Hats off to cyclamen or autumn roses
mountain rocks and along gritty roadsides throughout the Mediterranean, where summers are arid and winters more temperate.
Many cyclamen bloom, as a result of that climate, in the autumn and are hardy enough to cope with our winters.
Essentially a woodland plant, as the trees above them shed their leaves and early autumn rains reach the earth below, the plants spring into life, flowers first, pink and white heads nodding on fragile stems.
Then as they fade, the delicately- patterned, highly decorative leaves give verdancy to the increasingly barren soil. In fact, it is the foliage which give a common autumnal variety its name – cyclamen hederifolium – ‘ivy leaved’.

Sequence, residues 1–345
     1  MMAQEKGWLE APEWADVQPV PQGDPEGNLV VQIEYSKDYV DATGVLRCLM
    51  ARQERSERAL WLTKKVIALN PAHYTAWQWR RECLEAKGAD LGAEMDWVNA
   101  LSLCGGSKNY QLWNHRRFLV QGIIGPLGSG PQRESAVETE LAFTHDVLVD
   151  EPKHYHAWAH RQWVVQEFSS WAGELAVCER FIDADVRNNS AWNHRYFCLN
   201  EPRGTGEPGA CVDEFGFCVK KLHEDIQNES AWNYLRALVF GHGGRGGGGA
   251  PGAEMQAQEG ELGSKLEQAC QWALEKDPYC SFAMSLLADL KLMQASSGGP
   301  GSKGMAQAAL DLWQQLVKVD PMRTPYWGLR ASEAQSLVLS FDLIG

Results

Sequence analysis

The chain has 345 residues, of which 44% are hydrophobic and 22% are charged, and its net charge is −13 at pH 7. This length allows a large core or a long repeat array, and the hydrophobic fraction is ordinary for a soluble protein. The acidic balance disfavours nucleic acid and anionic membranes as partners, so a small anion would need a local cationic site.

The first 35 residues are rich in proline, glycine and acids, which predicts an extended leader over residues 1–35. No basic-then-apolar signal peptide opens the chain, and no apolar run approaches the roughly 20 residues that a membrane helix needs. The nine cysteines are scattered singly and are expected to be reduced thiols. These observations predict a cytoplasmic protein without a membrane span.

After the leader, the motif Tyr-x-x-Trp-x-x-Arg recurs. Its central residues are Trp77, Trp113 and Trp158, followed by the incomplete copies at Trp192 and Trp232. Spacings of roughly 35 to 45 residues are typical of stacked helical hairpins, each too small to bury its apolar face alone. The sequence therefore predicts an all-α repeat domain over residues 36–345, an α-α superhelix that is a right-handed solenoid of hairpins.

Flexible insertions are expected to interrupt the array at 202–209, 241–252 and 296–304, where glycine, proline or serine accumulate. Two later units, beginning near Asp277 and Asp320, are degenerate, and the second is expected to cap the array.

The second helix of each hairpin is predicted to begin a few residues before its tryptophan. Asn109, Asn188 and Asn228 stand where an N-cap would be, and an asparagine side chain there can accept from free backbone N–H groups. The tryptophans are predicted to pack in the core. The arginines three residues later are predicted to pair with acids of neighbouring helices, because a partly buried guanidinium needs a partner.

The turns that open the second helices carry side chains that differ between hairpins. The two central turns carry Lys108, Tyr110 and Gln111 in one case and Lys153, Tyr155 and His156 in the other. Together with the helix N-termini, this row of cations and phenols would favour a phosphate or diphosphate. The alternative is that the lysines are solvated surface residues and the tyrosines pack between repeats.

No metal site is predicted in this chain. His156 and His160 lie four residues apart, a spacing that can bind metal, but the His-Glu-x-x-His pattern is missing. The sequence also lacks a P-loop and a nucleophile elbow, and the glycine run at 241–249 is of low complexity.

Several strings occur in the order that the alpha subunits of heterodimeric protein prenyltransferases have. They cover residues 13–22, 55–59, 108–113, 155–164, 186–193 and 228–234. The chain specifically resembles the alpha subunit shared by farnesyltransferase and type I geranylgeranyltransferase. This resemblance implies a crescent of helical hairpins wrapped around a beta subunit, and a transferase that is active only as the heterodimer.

For years, I have planted spring bulbs everywhere I can so that they will give me the first hint of wakening up of the soil and warmth in the air, announcing the coming of longer days and more sunshine, and I have completely overlooked softening the edges of the colder, shorter days by planting something which will cheerfully and robustly bloom in September. From now on, though, I will build up my beds of wild cyclamen and will look forward to them as much as I do to daffodils.
To everything there is a season.